WASHINGTON (Reuters) - President Donald Trump on Thursday will lay out his plan for reducing regulations to boost already-abundant U.S. production of oil, natural gas and coal and export it around the world, creating American jobs and helping allies.
Trump will deliver an address on his administration’s new mantra of “energy dominance” at the Energy Department, officials told reporters. They declined to give details on how he would tweak existing regulations that have not stopped a surge in exports.
“We’ve gone from the age of scarcity now to the age of abundance when it comes to American energy,” Mike Catanzaro, a White House energy policy aide, told reporters.
“We want to use those abundant resources for good here at home and for good abroad as well,” Catanzaro said.
Trump’s speech comes a week before he meets in Warsaw with leaders of a dozen central and eastern European nations who are eager to see more U.S. liquefied natural gas (LNG) in their markets as an alternative to Russian gas.
Trump is stopping at the summit on his way to the G20 in Hamburg, Germany, where he is expected to meet face-to-face for the first time in his presidency with Russian President Vladimir Putin.
Shipments of LNG will play a big part in the “energy dominance” strategy, Energy Secretary Rick Perry told reporters, but so will exports of coal and U.S. technology that helps reduce emissions from coal-fired plants, he said.
Perry said he discussed the potential for U.S. coal exports to Ukraine with President Petro Poroshenko during his visit to Washington last week.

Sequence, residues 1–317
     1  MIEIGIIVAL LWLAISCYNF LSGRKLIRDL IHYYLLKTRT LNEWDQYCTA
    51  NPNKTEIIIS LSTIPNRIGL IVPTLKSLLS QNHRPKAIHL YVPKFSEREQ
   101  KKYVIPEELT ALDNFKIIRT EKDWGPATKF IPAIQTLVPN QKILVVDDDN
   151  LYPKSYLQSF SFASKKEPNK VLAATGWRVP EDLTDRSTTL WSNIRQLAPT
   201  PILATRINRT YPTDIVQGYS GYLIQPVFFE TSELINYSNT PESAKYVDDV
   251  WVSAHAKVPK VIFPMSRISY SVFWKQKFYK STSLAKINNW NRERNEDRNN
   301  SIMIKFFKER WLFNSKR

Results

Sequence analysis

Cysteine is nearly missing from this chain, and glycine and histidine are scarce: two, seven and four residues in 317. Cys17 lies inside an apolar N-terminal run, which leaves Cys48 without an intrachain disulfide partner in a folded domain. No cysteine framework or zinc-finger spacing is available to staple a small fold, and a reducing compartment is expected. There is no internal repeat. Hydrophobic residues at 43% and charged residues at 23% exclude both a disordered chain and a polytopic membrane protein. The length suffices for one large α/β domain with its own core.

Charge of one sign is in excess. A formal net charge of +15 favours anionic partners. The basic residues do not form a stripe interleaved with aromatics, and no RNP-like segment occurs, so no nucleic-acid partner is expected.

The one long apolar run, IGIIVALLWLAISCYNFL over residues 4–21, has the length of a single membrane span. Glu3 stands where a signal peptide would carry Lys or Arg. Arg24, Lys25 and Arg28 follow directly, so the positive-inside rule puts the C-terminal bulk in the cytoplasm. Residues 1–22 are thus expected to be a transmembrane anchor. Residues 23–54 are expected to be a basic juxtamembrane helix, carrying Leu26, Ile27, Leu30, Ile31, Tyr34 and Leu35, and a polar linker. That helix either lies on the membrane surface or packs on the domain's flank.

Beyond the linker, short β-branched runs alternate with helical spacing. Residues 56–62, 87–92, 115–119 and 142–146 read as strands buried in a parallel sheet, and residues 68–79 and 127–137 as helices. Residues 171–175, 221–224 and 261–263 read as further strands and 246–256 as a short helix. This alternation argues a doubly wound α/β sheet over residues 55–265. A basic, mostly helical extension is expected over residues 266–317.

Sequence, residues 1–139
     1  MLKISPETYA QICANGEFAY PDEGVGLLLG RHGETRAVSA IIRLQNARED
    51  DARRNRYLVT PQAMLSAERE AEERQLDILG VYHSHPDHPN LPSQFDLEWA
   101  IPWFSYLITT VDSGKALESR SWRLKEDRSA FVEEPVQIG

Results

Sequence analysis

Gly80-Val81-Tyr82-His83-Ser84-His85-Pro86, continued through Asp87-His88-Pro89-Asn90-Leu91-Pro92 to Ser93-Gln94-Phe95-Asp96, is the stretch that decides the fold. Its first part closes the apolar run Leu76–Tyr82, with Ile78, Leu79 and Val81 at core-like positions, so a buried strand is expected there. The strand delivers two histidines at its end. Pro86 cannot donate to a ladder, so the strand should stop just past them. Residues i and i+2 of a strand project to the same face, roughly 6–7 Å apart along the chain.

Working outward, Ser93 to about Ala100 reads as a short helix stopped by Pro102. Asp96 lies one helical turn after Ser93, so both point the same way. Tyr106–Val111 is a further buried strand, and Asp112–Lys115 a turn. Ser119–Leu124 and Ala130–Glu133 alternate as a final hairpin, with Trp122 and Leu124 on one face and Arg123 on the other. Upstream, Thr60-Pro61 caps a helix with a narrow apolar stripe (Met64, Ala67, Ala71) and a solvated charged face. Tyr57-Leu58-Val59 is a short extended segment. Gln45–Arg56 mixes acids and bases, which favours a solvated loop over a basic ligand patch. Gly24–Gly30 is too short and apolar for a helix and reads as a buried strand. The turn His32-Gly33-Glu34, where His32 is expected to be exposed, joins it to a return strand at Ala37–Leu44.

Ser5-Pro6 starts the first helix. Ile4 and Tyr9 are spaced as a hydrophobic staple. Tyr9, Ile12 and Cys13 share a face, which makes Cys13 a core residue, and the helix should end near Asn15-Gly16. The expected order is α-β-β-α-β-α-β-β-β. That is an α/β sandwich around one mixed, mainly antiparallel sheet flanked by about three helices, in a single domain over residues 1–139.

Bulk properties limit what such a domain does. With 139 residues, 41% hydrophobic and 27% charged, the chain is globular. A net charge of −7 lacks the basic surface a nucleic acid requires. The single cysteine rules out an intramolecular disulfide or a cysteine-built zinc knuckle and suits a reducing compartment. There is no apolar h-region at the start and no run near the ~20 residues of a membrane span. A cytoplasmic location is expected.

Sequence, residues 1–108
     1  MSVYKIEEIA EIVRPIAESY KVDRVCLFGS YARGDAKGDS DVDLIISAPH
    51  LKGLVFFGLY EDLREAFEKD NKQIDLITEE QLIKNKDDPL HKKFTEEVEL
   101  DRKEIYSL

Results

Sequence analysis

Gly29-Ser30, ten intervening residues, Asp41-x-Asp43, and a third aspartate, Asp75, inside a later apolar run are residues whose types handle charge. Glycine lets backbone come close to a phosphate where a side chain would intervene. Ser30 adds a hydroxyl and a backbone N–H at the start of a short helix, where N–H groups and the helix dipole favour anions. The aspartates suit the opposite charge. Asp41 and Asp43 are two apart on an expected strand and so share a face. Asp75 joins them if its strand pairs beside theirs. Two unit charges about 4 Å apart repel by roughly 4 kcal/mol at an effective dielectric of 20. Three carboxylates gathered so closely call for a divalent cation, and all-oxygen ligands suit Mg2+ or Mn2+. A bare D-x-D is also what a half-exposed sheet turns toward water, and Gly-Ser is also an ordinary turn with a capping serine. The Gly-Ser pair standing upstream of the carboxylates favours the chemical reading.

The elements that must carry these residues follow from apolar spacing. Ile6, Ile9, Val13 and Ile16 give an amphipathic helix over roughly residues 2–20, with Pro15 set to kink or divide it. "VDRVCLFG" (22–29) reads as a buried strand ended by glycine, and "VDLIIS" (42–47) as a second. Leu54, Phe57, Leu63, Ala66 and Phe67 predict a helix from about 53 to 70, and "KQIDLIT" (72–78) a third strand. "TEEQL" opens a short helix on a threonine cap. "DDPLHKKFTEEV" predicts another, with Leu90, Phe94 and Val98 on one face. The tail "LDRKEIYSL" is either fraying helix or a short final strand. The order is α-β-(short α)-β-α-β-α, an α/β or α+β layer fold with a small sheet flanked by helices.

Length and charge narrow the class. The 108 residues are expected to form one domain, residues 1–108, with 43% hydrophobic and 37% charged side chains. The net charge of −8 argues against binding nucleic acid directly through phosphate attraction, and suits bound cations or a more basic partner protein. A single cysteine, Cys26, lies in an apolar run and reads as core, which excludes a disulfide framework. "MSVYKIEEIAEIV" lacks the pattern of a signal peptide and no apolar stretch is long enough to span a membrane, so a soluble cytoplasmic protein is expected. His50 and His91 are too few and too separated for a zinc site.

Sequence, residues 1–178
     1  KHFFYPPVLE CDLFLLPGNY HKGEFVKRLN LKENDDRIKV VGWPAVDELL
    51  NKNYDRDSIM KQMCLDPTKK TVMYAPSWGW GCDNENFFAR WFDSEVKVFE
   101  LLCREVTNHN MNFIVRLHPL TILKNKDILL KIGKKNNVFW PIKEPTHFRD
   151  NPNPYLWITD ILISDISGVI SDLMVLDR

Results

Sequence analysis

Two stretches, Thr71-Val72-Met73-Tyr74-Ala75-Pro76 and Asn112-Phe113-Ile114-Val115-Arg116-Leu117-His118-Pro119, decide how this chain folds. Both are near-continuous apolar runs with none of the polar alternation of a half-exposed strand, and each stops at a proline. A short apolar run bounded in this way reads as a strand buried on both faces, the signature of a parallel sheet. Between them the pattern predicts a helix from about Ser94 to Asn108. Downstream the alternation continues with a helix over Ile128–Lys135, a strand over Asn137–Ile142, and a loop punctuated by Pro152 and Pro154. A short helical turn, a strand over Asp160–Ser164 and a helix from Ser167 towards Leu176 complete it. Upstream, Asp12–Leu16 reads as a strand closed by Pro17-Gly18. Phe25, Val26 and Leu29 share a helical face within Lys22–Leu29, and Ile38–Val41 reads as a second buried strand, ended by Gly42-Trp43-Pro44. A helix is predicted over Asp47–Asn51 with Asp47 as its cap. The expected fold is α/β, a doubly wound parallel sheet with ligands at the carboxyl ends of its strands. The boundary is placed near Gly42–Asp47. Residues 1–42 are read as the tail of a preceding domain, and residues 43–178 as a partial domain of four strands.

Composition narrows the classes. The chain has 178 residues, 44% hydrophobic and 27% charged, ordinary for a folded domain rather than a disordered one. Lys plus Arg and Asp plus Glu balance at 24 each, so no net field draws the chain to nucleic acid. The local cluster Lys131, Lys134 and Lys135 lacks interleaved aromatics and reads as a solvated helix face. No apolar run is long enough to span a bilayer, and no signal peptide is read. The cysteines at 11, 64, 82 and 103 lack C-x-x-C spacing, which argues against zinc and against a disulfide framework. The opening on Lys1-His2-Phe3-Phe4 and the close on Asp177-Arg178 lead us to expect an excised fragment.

The Trump administration believes in an “all-of-the-above” approach to energy, Perry said - borrowing the energy catch-phrase of the Obama administration.
U.S. domestic energy prices have plunged in recent years because of the natural gas boom, crowding out competing sources of power, including coal and nuclear. Dozens of nuclear power reactors are in danger of shutting down over the next several years as a result.
The Trump administration wants to make sure the United States remains “technologically and economically engaged” in the nuclear industry, Perry said. “If we do not, then China and Russia will fill that void,” he said.
But he said the administration would not be “wildly supportive” of subsidizing any sectors of the energy industry. Perry said energy supports in the tax code would be examined as the administration and Congress look at tax reform later this year.
“I think we’ll have a good healthy conversation about the energy sector and tax incentives, subsidies - all of that needs to be on the table and we need to have a conversation about it,” Perry said.
Reporting by Roberta Rampton; Editing by Andrew Hay